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Love Speaks Its Name edited by J.D. McClatchy (2001)

This wonderful collection of LGBTQ+ love poetry is a veritable who’s who of the queer canon, including voices from Walt Whitman, Gertrude Stein, Elizabeth Bishop, Federico García Lorca, Sappho and Hart Crane, to name but a few. These poems capture the full spectrum of love, from the heady moments when you first catch someone’s eye to the warmth and comfort of an established relationship.

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The Price of Salt (aka Carol) by Patricia Highsmith (1952)

"She thought of people she had seen holding hands in movies, and why shouldn't she and Carol?"

Patricia Highsmith originally published her 1952 work under the pseudonym ‘Claire Morgan’, using an alias as she didn’t wish to be branded a “lesbian-book writer”. Carol depicts the relationship of the eponymous heroine Therese Belivet, a young woman living in Manhattan. It is a world where lesbianism is used as a weapon in a custody battle and is enough to brand a woman an unfit mother. It is also a deeply romantic and compelling gay love story with an unprecedentedly nuanced, perhaps even happy, ending.

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City of Night by John Rechy (1963)

"Maybe I could love you. But I won’t. The grinding streets awaited me."

City of Night is a stark depiction of hustling in America in the 1960s. It follows a young man as he travels across the country - from New York City, to Los Angeles, San Francisco and New Orleans - while working as a hustler.

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The Thief's Journal (Journal du Voleur) by Jean Genet (1949)

"Betrayal is beautiful."

A part-fictional autobiography that charts the author's journey through Europe in the 1930s. The novel is structured around a succession of love affairs and forays into male prostitution between the protagonist/author and a number of characters, from a policeman to a con man, a pimp to a criminal. It is widely considered to be Jean Genet’s greatest work. Dedicated to Sartre and Simone de Beauvoir, Genet described it as a doctrine on ‘the pursuit of the impossible nothingness.’

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Middlesex by Jeffrey Eugenides (2002)

Vast themes spill from the pages of Middlesex, which spans generations, cultures and gender. It is a bildungsroman, a ‘great American novel’, and a modern Greek Myth. Middlesex is the tale of three generations of a family, and how they deal with a mutated gene which provides them with female characteristics. The protagonist, Cal Stephanides (aka Calliope), is intersex and moves through their world like a kind of modern day Orlando. This is a transformative novel about transformation.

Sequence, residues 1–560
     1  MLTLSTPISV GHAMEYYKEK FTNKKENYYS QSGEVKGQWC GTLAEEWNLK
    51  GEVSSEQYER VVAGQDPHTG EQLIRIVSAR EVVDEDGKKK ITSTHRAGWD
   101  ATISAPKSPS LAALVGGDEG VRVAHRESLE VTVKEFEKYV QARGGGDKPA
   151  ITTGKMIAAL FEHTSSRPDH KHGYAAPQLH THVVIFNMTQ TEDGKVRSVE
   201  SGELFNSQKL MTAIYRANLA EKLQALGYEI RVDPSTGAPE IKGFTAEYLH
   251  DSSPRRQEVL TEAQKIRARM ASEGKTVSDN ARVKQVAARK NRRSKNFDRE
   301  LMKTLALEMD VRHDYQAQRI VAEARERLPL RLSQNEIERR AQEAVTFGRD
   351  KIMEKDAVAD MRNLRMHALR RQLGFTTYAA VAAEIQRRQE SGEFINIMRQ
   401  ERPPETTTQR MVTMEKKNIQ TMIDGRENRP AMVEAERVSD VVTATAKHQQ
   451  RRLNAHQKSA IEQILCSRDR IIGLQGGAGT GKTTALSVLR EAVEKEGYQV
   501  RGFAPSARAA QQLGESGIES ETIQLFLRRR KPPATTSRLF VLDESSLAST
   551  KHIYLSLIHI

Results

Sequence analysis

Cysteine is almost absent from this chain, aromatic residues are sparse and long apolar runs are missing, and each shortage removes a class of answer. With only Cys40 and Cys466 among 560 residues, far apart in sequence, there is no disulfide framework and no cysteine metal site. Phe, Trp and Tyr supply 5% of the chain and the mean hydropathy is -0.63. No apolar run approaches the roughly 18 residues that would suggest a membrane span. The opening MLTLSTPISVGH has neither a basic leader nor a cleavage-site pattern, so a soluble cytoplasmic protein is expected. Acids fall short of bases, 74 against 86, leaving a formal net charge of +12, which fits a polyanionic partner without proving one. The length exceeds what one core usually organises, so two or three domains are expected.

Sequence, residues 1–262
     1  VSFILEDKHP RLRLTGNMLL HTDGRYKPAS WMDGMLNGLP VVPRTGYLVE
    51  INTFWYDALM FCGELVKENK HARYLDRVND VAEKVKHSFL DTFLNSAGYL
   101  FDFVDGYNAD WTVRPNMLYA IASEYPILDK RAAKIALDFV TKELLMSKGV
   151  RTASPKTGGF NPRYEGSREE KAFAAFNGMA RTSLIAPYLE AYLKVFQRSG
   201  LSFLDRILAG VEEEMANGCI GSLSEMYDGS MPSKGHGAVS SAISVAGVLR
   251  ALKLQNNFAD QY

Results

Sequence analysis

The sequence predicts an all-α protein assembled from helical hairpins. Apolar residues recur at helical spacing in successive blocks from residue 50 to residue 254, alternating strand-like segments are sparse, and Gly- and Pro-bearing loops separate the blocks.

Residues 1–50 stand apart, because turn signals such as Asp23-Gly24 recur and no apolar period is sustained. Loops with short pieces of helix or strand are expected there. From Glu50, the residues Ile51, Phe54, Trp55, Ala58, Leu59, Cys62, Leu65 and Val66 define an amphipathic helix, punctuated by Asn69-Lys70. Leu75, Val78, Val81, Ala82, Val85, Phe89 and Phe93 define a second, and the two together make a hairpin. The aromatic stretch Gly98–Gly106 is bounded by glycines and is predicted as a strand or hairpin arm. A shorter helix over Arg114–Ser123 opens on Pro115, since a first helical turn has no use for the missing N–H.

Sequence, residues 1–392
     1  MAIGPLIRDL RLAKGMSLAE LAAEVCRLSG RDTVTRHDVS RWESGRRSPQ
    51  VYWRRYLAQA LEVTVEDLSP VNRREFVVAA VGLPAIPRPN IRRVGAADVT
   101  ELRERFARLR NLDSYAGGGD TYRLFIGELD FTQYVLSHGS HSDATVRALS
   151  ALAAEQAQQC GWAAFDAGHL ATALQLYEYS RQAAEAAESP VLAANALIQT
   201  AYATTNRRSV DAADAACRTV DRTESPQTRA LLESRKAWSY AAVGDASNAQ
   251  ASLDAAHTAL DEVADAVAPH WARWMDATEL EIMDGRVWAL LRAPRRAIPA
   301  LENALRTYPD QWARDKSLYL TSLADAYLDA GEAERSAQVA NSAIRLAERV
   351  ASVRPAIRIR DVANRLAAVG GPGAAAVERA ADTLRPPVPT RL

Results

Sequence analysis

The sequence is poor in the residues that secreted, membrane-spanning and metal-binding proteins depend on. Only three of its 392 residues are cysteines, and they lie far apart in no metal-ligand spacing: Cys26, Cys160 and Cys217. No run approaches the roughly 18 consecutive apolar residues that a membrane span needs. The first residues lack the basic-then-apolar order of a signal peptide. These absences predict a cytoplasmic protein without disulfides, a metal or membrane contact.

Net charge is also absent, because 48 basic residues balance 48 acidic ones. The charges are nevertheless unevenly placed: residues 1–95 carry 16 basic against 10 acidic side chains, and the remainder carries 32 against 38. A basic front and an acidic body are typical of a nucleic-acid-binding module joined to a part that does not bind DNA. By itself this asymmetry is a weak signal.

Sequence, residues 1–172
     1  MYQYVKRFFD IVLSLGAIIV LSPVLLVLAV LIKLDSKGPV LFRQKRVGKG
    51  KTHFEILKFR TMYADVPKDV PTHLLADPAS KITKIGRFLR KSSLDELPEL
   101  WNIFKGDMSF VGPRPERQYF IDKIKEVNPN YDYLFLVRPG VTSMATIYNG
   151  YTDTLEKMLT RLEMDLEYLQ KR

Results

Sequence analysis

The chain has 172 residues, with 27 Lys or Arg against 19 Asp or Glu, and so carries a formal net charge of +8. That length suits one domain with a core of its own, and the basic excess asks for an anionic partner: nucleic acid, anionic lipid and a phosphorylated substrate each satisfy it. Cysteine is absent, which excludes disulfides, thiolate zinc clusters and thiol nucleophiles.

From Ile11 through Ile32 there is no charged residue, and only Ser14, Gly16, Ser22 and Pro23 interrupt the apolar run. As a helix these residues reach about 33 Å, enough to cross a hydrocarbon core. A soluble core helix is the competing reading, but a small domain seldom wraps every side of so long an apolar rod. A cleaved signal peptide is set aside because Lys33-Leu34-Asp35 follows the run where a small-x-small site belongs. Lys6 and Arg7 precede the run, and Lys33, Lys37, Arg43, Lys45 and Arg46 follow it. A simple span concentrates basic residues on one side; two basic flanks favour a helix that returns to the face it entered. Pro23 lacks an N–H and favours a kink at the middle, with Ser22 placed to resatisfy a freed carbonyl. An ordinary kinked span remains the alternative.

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All Boys Aren't Blue by George M. Johnson (2021)

LGBTQ+ memoir has changed dramatically in the past few decades; as queer communities have moved online, younger writers are finding and expressing themselves earlier. In this moving YA ‘memoir-manifesto’, author George M. Johnson tells the story of his young life a queer black kid, from childhood through adolescence and into his college years. From tales of being bullied to those of profound, tender connection with their grandmother, Johnson touches on a wide range of life’s moments that span tragedy to joy, touching on issues of inequality, consent, masculinity and family along the way.

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We Can Do Better Than This edited by Amelia Abraham (2021)

Subtitled 35 Voices on the Future of LGBTQ+ Rights, this collection of essays addressing the question ‘How can we create a better world for LGBTQ+ people?’ shines a light forward via contributions from Olly Alexander, Pabllo Vittar, Naoise Dolan, Amrou Al-Kadhi, Beth Ditto, Owen Jones, Tom Rasmussen, Mykki Blanco and more. Whether it’s safety and visibility, gender and love, or discrimination and violence, these essays confront the urgent issues today in order for a better tomorrow.